cathedral

Mass will be livestreamed from Liverpool Metropolitan Cathedral at 11.00 am on YouTube:

https://m.youtube.com/channel/UCOiDR9mRmfnAu05Yg3ifyMw

st-stephen-warrington-1

Fr John McLaughlin is uploading Mass from St Stephen’s:

www.st-stephens-warrington.co.uk

blessed-john-henry-newman-latchford-1

Fr Peter now uploads Mass from St John Henry Newman:

www.newmanparishwarrington.com

online-masses-healthcare

There are plenty of Masses livestreamed throughout the day at the following websites:

www.churchservices.tv and https://www.mcnmedia.tv

 

2)  You can join in by praying at home – on your own or with other members of your household.  The following resources may be helpful:

the-scriptures-are-the-word-of-god-clipart-2

Celebrating Sunday at Home:    celebrating-sunday-at-home-easter-7a

Fr Dave’s Prayers:    bidding-prayers-easter-7a

Sunday Plus:    sunday-plus-24-may-2020

 

3)  For Children:

prayer-table-photo

Collective Worship for Children:    collective-worship-for-children-24-may

Children’s Activity Sheet:    look-24-may-2020

cafod

CAFOD are hosting a virtual Children’s Liturgy of the Word on Sundays at 10.00 am:

https://cafod.org.uk/Education/Children-s-liturgy

 

4)  Isolated but not alone!

‘The Tablet’ Catholic magazine has lots of links to online resources to help us during the pandemic.  The page is updated regularly:

https://www.thetablet.co.uk/news/12590/isolated-but-not-alone-resources-for-catholics

 

5)  And finally, a little humour…

ascension-humour

cat-breaking-lockdown

 

With my prayers,

Fr Dave


6th Week of Easter

6th Saturday of Easter – 23 May 2020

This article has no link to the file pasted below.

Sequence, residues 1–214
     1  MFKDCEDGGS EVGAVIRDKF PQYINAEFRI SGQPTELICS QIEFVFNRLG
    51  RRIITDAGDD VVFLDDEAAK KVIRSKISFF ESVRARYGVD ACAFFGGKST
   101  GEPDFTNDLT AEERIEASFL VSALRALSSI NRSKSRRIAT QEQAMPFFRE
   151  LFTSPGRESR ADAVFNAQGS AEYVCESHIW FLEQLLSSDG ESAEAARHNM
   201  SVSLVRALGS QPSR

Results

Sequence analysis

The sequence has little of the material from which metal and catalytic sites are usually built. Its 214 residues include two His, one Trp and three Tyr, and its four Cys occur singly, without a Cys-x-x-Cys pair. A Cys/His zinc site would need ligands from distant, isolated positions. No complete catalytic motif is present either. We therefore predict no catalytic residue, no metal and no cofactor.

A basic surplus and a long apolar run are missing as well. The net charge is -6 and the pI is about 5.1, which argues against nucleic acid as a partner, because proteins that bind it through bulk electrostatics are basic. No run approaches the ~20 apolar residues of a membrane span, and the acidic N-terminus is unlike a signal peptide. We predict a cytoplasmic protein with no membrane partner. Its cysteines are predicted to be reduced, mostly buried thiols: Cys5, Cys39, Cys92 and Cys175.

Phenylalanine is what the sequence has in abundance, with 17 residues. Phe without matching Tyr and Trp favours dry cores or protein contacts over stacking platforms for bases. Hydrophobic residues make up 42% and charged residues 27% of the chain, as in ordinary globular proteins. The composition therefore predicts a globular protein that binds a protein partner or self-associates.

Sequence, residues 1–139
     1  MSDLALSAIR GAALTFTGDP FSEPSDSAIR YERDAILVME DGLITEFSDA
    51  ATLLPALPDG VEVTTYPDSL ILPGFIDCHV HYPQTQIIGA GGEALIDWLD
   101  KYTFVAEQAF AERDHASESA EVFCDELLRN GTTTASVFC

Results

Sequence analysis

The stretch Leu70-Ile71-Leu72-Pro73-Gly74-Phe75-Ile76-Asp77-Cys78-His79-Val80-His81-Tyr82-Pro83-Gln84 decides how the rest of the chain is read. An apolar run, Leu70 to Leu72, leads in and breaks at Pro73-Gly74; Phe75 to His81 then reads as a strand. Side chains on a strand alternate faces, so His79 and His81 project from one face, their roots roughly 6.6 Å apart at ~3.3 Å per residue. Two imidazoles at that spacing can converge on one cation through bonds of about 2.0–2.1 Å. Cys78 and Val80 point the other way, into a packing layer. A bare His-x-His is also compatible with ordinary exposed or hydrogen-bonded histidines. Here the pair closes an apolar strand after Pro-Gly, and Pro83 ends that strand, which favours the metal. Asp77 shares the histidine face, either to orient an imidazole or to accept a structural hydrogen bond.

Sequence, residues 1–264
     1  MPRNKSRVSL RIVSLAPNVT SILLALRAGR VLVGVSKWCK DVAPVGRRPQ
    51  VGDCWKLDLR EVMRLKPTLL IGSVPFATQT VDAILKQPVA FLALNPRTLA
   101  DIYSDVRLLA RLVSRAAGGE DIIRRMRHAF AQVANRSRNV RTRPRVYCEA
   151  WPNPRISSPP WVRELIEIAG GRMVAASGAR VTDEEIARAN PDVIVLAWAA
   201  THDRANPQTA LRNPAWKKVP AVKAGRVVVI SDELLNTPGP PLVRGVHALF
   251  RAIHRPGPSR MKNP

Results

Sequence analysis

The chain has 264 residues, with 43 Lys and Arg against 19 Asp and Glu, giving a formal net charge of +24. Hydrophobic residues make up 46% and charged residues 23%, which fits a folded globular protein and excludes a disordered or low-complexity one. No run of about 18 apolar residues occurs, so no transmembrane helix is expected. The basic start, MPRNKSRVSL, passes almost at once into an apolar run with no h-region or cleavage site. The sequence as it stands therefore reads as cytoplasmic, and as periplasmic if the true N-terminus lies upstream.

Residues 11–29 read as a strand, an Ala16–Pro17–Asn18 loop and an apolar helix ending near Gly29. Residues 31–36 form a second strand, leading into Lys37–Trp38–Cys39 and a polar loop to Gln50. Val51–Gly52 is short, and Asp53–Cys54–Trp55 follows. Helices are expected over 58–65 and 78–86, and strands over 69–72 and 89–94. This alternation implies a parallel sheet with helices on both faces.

During May, Pope Francis began a catechesis on prayer during his weekly General Audience.  The Vatican has just released his second talk:

pope-francis

The God of Love

Dear Brothers and Sisters, Good morning!

Today we take our second step in the journey of catechesis on prayer that we began last week.

Praying with our hearts

Prayer belongs to everyone: to men and women of every religion, and probably also to those who profess none. Prayer arises in our innermost self, in that interior place that spiritual authors call “heart” (cf. Catechism of the Catholic Church, 2562-2563). Therefore, it is not something peripheral that prays within us, it is not some secondary and marginal ability that we have, but rather it is our most intimate mystery. It is this mystery that prays. Feelings pray, but one cannot say that prayer is only feeling. Intelligence prays, but praying is not simply an intellectual act. The body prays, but one can speak with God even having the most serious disability. Thus the entire man prays if he prays with his “heart”.

Prayer is an impulse; it is an invocation that goes beyond ourselves: something that is born in the intimacy of our person and extends, because it senses the nostalgia of an encounter. That nostalgia which is more than a need, more than a necessity: it is a path. Prayer is the voice of an “I” that fumbles, that proceeds unsteadily in search of a “You”. The encounter between the “I” and the “You” cannot occur via calculators: it is a human encounter and we often proceed unsteadily in order to find the “You” that my “I” is seeking.

Jesus reveals God to us